# W9 L17 CENTRAL FORCE MOTION

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```					                        CENTRAL – FORCE MOTION

When a particle moves under the influence of a force directed toward a fixed
center of attraction, the motion is called central-force motion.

Motion of a Single Body

Consider a particle of mass m moving under the action of the central gravitational
attraction, as shown in Fig, (9.1).

Figure (9.1)

mm 0
FG
r2

Where m0 is the mass of the attracting body, and the particle of mass m could be
the moon moving about the earth, or a satellite in its orbital motion about the
earth above the atmosphere.

The most convenient coordinate system to use is polar coordinates in the plane
of motion.
The force F is always in the negative r-direction and there is no force in θ-
direction.

mm 0             2        
G            m r  r    ma r 
        
r2                        
        .......... .......(1)
                      
0  m r   2 r    ma         
                          
r
multiply by
m
      
d  
0  r 2   2r r    r 2  
dt    
So

r 2   h  cons tan t                 .......... .........( 2)


The angular momentum of m about m0 is r x mv and has the magnitude of mr 2  .
This states that the angular momentum of m about m0 remains constant (is
conserved).

During time dt, the radius vector sweeps out a shaded area equal to dA as
shown in Figure (9.1).
1 
dA   r rd
2 
The rate at which area is swept is

1 
A  r 2   cons tan t
2

So, areas swept out in equal times are equal “ Kepler’s second law”.

The shape of the path followed by m may be obtained by solving equation (1)
with time t, as
1
r
u
        
           
r   1 u 2 u  h u    hdu d
     
                                          
                   
and           r  h d 2u d 2   h 2 u 2 d 2 u d 2

Substitute into equation (1)
d2u 1
 Gm 0 u 2  h 2u 2 2  h 2u 4
d  u
or
d2u      Gm
u  20
d 2
h

The solution of the above second order equation is

Gm
 C cos     2 0
1
u
r                   h

C and δ are the two integration constants.

The phase angle δ can be eliminated by choosing the x- axis so that r is
minimum when θ = 0, so
1            Gm
 C cos   2 0               .......... .....( 3)
r             h

Conic Sections

The conic section is formed by the locus of a point which moves so that the ratio
e of its distance from a point (focus) to a line (directrix) is constant. So from Fig.
(9.1),

r
e
d  r cos 
Which may rewritten as

1 1         1
 cos                    .......... .......( 4)
r d        ed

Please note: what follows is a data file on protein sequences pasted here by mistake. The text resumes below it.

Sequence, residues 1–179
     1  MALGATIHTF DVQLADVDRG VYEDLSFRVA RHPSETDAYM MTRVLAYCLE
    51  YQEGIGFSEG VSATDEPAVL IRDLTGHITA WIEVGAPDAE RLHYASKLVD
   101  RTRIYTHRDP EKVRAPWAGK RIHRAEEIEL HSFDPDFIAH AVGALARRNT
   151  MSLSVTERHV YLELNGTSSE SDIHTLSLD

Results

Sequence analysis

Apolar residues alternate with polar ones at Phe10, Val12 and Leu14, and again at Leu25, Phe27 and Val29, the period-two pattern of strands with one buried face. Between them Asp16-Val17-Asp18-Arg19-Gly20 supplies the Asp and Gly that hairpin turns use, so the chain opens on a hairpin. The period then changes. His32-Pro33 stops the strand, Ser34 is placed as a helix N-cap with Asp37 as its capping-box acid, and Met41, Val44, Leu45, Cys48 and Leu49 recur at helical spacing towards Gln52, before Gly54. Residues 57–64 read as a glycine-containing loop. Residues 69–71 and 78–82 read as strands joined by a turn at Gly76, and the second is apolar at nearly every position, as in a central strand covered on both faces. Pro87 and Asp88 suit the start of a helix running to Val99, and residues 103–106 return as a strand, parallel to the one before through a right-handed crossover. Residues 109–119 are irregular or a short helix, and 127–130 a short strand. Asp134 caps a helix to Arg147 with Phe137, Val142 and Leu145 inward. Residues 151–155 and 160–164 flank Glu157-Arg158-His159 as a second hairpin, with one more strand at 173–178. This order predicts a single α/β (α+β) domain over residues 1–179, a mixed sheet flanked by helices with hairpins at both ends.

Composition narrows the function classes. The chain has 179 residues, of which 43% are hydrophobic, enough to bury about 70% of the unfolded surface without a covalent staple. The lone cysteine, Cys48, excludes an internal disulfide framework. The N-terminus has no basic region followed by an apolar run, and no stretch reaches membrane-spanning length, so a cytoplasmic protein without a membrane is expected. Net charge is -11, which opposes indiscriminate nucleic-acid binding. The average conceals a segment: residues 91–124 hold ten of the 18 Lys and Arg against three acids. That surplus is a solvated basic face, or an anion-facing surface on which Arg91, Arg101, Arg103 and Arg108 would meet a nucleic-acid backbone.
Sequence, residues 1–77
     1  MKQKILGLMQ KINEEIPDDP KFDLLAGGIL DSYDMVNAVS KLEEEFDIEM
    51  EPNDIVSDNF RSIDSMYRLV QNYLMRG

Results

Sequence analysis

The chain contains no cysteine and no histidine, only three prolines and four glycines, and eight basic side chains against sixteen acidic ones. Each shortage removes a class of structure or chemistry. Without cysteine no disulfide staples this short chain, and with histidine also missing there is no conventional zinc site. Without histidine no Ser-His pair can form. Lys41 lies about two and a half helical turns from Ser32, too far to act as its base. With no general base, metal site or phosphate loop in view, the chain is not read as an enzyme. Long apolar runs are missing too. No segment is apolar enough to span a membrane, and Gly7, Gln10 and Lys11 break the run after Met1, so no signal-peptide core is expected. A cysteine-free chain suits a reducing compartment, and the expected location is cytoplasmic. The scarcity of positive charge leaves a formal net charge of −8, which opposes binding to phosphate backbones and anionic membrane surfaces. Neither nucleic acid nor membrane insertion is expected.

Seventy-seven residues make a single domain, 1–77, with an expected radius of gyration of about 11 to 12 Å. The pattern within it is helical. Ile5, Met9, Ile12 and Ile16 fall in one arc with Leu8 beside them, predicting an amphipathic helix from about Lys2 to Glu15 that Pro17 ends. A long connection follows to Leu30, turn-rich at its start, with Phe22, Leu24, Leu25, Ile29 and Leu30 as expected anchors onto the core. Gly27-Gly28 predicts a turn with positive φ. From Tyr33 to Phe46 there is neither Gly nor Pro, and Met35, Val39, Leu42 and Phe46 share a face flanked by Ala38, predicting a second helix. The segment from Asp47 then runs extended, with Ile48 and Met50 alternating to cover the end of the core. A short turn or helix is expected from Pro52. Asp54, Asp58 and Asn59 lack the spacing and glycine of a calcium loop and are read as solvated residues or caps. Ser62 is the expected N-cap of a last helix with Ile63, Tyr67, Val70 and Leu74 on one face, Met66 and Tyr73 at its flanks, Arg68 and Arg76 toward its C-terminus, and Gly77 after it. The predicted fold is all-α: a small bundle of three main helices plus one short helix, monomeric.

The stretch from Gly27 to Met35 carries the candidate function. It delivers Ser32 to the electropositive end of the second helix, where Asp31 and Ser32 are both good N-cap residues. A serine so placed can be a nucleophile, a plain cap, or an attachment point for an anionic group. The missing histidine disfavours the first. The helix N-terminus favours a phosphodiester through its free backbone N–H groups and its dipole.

This has the same form of equation (3). The motion of m is along a conic section
1          h2
with d  and ed 
C          Gm 0
h2C
or e             .......... .......... ..5 
Gm 0

Three cases to be investigated corresponding to the value of e. The trajectory for
each of these cases is shown in Fig. (9.2).

Figure (9.2)
Case 1: ellipse (e < 1).

From equation (4), we deduce that

r is minimum when θ = 0, and
r is maximum when θ =π.

ed   ed                              ed
2a  rmin  rmax                             or          a
1 e 1 e                            1 e2

1 1  e cos 

r         
a 1 e2          

rmin  a1  e            rmax  a1  e          Also         b  a 1 e2

When e = 0, r = a, and the ellipse becomes a circle.

For the period

A           ab                      2ab
    
                 or    
1 2                      h
A             r 
2

For

h2C                         1            ed
e                        d          a                    b  a 1 e2 ,      and Gm 0  gR 2
Gm 0
,
C
,

1 e2
,

a3 2
  2
R g

Where R is the mean radius of central attracting body and g is the absolute value
of acceleration due to gravity at the surface of the attracting body.

Case 2: parabola (e = 1).

Equations (4) and (5) become

 1  cos 
1 1
and     h 2 C  Gm0
r d
The radius vector becomes infinite as θ approaches π, so the dimension a is
infinite.

Case 3: hyperbola e > 1).

From equation (4), the radial distance r becomes infinite for the two polar angles
θ1 and – θ1 defined by cos θ1 = - 1/e.
Branch I represent physical possible motion which correspond to – θ1 < θ < θ1,
Fig. (9.3).
Branch II corresponds to angles in the remaining sector (with r negative)

Figure (9.3)

1 cos 
 cos   
1 1               1                   1
or             
r d             ed                   r    ed   d

Energy Analysis

The energy of particle m is constant

E=T+V
1           2
2
mgR 2
E  m r  r 2   
2  

    r

1       gR 2
at   0,      r  0,        C           from equation (3)
r        h

h
r          from equation (2)
r
2E              g 2R 4
 h2C2  2
m               h
Substitute value of C from equation (5)

2Eh 2
e   1
mg 2R 4

For:

elliptical orbit   e < 1,   E is negative

parabolic orbit    e =1,    E is zero

hyperbolic orbit e > 1,     E is positive

For elliptical orbit

gR 2m
E
2a
Substitute in energy equation

1 1 
 2  2gR 2      
 r 2a 

g 1 e    g rmax
 Perigee  R          R
a 1 e    a rmin

g 1 e    g rmin
 Apogee  R           R
a 1 e    a rmax

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